Stanford University News Service
425 Santa Teresa Street
Stanford, California 94306-2245
Tel: (650) 723-2558
Fax: 650) 725-0247
February 26, 2007
Anjali Vaidya, Business Association of Stanford Engineering Students: (510) 378-5710, email@example.com
Stanford University will host "Energy Crossroads," an interdisciplinary conference March 1-3 offering fresh perspectives on the future of clean energy. Distinguished speakers include New York Times columnist Thomas Friedman, former CIA Director Robert James Woolsey, partners from top-tier Silicon Valley venture capital firms and leading researchers on energy policy and technology.
Driven by concerns for the environment, economic growth and national security, Energy Crossroads aims to coalesce a coalition of policymakers, engineers, entrepreneurs, corporate leaders, academics and activists. The event is free and open to the public, but registration is required. To register or obtain detailed information, go to http://www.energycrossroads.org/.
"A crossroads is a place where paths converge and new directions are chosen," said Lyuba Wolf, a Stanford senior and director of the conference. "We see Energy Crossroads as a meeting of the minds across disciplines and across sectors. If these powerful forces work together, we believe we can make great strides toward clean energy solutions."
Speakers will include Ralph Cavanagh, senior attorney for the Natural Resources Defense Council; Steve Westwell, vice president of BP Alternative Energy; and Steve Chu, director of Lawrence Berkeley National Laboratory.
The conference, organized by Stanford student groups, is taking place at various locations throughout campus. It kicks off Thursday in White Plaza with a career fair at 10 a.m. and the Clean Tech Expo from 4 to 6 p.m. Woolsey's opening address is scheduled for 7 p.m. Thursday in Kresge Auditorium.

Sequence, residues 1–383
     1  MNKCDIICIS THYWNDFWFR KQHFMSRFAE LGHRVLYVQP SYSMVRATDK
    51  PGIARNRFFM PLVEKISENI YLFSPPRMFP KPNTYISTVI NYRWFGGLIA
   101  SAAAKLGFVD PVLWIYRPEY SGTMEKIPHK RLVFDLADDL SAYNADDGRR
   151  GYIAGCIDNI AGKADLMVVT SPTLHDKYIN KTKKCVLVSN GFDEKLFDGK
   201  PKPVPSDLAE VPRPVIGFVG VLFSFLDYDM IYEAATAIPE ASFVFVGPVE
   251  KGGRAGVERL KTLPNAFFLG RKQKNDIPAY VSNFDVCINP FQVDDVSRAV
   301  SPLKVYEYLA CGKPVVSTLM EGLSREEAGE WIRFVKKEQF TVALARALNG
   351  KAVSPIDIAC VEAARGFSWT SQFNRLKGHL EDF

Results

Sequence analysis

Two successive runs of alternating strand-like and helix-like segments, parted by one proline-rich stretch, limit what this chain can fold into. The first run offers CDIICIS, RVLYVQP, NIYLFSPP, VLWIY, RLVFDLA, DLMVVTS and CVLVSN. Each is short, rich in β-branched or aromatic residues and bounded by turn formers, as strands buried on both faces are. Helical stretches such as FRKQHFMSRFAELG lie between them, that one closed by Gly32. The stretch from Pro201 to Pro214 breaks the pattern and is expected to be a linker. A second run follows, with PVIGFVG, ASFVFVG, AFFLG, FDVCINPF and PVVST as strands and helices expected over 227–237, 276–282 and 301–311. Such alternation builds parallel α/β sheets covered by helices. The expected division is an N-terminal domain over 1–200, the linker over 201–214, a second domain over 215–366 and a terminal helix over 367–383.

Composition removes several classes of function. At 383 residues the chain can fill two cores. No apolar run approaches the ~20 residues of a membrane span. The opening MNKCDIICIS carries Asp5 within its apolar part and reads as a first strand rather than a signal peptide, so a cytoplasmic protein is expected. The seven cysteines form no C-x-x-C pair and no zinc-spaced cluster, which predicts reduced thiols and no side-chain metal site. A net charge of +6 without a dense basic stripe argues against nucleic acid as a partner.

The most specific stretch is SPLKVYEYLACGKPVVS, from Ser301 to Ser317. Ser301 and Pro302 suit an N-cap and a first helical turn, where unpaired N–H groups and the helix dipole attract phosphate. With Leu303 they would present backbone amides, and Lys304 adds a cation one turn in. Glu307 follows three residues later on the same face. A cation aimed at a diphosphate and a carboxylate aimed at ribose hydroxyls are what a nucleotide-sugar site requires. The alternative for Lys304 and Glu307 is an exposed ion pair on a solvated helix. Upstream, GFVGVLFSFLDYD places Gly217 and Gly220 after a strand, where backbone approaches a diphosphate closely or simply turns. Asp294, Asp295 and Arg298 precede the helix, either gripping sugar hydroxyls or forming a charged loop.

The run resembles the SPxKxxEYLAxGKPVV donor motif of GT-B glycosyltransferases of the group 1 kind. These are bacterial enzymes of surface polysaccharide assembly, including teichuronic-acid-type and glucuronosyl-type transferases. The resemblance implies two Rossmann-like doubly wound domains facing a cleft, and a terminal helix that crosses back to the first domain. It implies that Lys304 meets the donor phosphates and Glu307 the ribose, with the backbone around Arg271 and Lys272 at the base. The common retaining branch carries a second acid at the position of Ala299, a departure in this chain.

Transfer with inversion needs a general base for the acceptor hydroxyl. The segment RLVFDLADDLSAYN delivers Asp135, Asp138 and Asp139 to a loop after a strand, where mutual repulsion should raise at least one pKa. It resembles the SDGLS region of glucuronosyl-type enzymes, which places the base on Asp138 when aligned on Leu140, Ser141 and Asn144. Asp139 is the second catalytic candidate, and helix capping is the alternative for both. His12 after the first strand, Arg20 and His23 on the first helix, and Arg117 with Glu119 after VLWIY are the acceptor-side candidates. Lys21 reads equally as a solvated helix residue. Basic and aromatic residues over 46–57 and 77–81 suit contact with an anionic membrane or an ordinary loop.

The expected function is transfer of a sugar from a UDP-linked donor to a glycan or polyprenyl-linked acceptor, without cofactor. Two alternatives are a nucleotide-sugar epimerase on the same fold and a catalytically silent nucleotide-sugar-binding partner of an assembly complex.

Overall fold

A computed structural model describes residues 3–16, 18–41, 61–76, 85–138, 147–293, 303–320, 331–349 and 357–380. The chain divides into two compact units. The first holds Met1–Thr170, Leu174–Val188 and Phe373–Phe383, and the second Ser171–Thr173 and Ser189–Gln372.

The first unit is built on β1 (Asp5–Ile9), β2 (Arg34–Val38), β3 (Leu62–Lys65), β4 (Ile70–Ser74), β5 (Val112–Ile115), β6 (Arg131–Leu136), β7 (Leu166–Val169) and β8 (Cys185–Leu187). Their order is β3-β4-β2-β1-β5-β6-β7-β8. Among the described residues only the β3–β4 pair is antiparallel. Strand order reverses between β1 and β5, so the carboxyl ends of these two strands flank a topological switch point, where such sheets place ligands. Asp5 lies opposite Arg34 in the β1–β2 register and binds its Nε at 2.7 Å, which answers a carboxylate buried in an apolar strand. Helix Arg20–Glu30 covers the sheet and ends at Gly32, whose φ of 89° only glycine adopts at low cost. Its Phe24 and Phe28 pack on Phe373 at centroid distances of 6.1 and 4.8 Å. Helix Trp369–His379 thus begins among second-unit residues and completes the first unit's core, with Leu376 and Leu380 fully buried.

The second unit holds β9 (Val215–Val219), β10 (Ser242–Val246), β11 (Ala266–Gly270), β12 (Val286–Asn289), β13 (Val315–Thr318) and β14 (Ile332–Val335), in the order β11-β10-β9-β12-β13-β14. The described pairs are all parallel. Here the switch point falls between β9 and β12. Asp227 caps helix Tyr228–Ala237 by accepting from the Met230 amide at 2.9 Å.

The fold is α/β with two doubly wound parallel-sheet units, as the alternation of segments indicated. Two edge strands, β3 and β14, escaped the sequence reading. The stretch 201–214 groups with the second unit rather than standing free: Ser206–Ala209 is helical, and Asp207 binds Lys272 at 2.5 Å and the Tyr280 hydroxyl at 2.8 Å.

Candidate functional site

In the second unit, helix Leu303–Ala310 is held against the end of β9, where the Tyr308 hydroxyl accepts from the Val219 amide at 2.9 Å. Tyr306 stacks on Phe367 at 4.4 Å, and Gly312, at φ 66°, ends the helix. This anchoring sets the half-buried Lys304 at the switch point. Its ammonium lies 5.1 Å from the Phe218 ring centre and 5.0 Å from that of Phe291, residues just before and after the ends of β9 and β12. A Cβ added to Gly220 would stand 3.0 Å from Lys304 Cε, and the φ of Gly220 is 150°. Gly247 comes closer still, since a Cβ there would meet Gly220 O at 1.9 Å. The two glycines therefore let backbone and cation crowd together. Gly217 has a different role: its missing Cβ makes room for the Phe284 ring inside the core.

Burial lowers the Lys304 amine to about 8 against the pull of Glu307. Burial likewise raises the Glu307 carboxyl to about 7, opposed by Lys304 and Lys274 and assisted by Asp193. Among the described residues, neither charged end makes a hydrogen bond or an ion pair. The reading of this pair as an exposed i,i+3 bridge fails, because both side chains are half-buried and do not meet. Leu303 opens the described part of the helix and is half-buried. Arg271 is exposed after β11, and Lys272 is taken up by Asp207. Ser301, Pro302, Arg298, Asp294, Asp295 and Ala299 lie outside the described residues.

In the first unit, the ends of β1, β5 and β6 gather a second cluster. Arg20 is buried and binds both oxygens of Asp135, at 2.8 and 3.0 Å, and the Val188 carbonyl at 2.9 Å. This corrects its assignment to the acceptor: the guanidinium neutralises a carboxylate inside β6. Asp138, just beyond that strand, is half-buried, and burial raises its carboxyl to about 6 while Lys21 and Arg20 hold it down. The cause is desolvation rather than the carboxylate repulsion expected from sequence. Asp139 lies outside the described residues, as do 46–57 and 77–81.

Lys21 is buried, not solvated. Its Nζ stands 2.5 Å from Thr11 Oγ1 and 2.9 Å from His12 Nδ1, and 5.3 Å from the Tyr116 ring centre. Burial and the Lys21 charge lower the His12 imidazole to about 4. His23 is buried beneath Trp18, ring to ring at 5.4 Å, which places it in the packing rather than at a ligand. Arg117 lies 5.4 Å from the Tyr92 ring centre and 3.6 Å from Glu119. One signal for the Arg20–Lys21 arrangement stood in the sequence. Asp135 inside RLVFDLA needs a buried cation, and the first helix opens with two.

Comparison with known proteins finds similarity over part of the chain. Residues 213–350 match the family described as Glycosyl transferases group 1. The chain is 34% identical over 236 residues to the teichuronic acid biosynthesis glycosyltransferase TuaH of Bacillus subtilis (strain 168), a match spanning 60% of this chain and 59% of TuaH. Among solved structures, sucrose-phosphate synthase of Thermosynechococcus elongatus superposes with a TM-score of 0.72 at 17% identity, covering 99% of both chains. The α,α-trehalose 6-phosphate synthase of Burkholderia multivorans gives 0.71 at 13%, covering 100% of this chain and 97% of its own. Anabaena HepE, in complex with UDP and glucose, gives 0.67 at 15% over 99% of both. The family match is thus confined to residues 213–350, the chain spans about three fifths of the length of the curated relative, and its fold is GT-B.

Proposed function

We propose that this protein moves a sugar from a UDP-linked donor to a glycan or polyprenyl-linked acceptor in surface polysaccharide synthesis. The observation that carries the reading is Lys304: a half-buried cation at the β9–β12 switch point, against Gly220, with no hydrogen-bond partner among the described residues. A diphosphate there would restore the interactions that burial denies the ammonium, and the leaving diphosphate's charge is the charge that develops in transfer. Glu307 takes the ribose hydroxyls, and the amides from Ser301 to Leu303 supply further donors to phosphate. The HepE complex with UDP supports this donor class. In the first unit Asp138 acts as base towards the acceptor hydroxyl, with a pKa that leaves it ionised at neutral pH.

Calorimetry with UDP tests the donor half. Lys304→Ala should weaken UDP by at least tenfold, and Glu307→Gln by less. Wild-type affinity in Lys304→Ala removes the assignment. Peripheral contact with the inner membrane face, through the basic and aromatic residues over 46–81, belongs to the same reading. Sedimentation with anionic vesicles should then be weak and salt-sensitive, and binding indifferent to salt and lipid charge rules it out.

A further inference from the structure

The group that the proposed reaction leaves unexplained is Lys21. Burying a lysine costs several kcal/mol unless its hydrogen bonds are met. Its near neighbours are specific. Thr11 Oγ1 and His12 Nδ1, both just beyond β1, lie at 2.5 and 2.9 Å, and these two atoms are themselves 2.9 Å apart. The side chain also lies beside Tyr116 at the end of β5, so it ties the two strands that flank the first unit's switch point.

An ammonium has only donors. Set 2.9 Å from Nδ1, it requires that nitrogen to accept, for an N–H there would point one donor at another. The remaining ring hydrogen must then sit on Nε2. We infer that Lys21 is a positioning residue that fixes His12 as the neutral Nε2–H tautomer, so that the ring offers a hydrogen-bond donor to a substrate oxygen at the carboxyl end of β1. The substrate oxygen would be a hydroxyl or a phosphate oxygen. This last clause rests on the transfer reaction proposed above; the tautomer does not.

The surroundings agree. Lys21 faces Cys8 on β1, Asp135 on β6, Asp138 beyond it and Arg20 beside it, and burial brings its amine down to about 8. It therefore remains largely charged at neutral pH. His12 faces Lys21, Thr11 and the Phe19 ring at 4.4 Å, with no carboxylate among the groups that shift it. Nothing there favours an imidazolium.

Panel discussions Friday will address clean energy solutions, ways to make energy efficiency and renewables competitive, and development of the international clean energy market. Friedman will deliver the keynote address, "Green Is the New Red, White and Blue," at 1 p.m. Friday in Memorial Auditorium.
On Saturday, students will gather for a policy competition hosted by the Stanford chapter of the Roosevelt Institution, a national student policy think tank.
Conference sponsors are Stanford's Office of the President, the Woods Institute for the Environment, the Freeman Spogli Institute for International Studies, the Precourt Institute for Energy Efficiency, the Hoover Institution, the School of Earth Sciences, the Department of Civil and Environmental Engineering, the Stanford Center on Ethics, the Business Association of Stanford Engineering Students (BASES), Mohr Davidow Ventures and the 11th Hour Project, a Silicon Valley nonprofit organization focused on solutions to climate change issues.
Student groups involved in organizing the conference are the Roosevelt Institution, BASES, the Stanford chapter of Engineers for a Sustainable World, Students for a Sustainable Stanford, the Energy Club of the Graduate School of Business and the Green Dorm Project.
The conference coincides with Entrepreneurship Week at Stanford, scheduled from Feb. 24 through March 3. Stanford was the venue for the national launch of EntrepreneurshipWeek USA.
The event is open to the press and public, but registration is required. To register or obtain detailed program information, go to http://www.energycrossroads.org/.
Email firstname.lastname@example.org or phone (650) 723-2558.